Transforming Sustainability Principles Into Sustainable Products
GT: How do you define product stewardship at Johnson and Johnson?
PM: For us, product stewardship is making sure that we offer environmentally compliant and sustainable products to our customers, and we do that by looking at the entire life cycle of our products. So right from designing the product to be compliant, to picking the right type of materials to picking the right type of packaging to making sure that we try to offer our customers solutions for end-of-life type of issues, and making sure that we try to offer end-of-life options to our customers.
Product stewardship is just one pillar of the overall sustainability strategy, which also includes working with our suppliers and external manufacturers to expand the definition of sustainability beyond our fence. So we work in partnership with our suppliers and external manufacturers, and we also engage our internal customers in conversations around sustainability. So how do we get our own employees excited? And what can they do at the local level within our facilities for sustainability? We also engage with telling our sustainability stories externally. We engage with customers, we engage with nongovernmental organizations (NGOs) and other interested groups to talk about sustainability outside.
GT: What is the relationship between product compliance and product stewardship?
PM: Compliance is the first step of the product stewardship process. It's like the foundation, the bed rock. The number one objective of our product stewardship team within medical devices and diagnostic team is to make sure that everything we design and everything that we put on the market is fully compliant.
GT: You said Product Stewardship is a team effort. Who is responsible for Product Stewardship at Johnson & Johnson?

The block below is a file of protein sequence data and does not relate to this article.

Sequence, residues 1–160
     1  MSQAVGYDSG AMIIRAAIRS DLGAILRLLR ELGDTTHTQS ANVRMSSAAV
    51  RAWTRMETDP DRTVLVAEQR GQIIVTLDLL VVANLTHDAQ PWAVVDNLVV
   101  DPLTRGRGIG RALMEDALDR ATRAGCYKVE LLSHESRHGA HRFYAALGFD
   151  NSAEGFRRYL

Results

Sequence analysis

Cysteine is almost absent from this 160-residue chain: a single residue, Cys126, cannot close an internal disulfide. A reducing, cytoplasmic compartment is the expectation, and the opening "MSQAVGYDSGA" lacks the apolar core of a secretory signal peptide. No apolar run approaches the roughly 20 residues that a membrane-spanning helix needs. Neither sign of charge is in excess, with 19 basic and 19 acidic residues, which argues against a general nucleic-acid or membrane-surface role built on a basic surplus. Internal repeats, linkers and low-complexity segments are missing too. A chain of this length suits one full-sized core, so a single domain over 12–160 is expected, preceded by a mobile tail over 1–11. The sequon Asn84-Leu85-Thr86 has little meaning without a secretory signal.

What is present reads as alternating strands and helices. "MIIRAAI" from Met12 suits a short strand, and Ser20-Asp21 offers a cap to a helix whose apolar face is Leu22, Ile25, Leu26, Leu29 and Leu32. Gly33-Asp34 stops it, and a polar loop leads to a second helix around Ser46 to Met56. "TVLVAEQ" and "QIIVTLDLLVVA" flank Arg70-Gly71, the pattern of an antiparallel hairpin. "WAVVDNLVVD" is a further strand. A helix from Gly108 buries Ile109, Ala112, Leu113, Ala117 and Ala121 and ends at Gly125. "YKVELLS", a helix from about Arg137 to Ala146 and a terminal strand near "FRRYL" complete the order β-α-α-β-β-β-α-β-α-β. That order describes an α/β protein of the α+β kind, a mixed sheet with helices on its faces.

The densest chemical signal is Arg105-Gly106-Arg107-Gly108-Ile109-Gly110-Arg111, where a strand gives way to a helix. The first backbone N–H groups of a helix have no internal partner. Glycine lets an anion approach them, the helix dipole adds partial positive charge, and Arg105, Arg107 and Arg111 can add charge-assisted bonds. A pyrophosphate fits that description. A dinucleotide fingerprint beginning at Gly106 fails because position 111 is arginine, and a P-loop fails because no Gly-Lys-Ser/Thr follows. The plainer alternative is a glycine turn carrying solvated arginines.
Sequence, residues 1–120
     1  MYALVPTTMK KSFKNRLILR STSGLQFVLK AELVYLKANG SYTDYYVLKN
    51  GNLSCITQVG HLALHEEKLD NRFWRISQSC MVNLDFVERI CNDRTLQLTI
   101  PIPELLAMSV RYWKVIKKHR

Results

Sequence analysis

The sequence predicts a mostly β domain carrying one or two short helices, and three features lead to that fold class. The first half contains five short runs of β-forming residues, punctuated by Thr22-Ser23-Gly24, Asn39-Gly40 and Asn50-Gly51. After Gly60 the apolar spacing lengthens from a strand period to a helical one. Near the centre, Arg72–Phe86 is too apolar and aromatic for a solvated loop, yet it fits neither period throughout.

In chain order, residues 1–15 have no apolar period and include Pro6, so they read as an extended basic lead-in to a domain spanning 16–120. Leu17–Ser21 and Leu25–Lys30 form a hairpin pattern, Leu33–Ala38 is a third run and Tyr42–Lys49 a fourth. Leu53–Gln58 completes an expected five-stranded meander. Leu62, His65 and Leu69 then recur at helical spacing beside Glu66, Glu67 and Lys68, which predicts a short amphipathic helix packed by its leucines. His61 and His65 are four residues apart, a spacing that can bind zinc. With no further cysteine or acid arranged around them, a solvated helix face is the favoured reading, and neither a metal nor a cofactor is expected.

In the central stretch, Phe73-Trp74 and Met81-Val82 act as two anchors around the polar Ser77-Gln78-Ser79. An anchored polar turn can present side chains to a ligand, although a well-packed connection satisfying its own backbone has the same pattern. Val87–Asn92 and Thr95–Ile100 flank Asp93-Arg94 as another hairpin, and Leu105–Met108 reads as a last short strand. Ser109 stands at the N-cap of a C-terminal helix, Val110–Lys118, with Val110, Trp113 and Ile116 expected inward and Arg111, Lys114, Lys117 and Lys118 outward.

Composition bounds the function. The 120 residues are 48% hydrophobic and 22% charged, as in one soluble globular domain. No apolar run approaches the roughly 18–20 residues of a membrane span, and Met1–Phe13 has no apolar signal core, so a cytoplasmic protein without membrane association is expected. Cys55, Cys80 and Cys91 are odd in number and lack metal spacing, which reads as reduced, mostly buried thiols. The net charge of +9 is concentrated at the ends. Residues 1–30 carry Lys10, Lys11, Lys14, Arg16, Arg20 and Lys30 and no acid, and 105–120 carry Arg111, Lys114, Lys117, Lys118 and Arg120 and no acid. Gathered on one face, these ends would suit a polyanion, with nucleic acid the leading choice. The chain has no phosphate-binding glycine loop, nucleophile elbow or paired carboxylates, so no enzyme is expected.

PM: At the enterprise level, sustainability is owned by worldwide environment, health and safety (EHS). That's the corporate department that drives sustainability and product stewardship. At the sector level, I lead the product stewardship for the Medical Devices and Diagnostics sector and I report in through the Senior Director for EHS.
GT: How have initiatives like product stewardship changed the relationship between EHS and product design?
PM: We work very closely with research and development (R&D) teams. Actually, at Johnson & Johnson, the EHS assessment, the 'design for environment' assessment has always been embedded in the R&D process. There's a whole process map that R&D follows where it has certain stage gates, and for the past ten years or more, there has been a well-established stage gate for a design for environment review. (That name is a little bit misleading because it's actually a product stewardship/EHS review.) We have now re-branded the 'design for environment' term internally and are calling that our 'earth words' process. So when we do new product development, we have a stage gate when we engage with our R&D teams to have the conversations around "What's in your product? What are the materials that we're going to be using? What are the manufacturing processes? Where is this going to be manufactured? What's the packaging going to look like? How is it going to be disposed of?" Wherever we can, we try to engage with those teams to drive the sustainability conversation.
About the Author
The National Association for Environmental, Health and Safety, and Sustainability (EHS&S) Management (NAEM) empowers corporate leaders to advance environmental stewardship, create safe and healthy workplaces and promote global sustainability. As the leading business community for EHS&S decision-makers, we provide engaging forums, a curated network, peer benchmarking, research insights and tools for solving today’s corporate EHS&S management challenges. Visit us online at naem.org.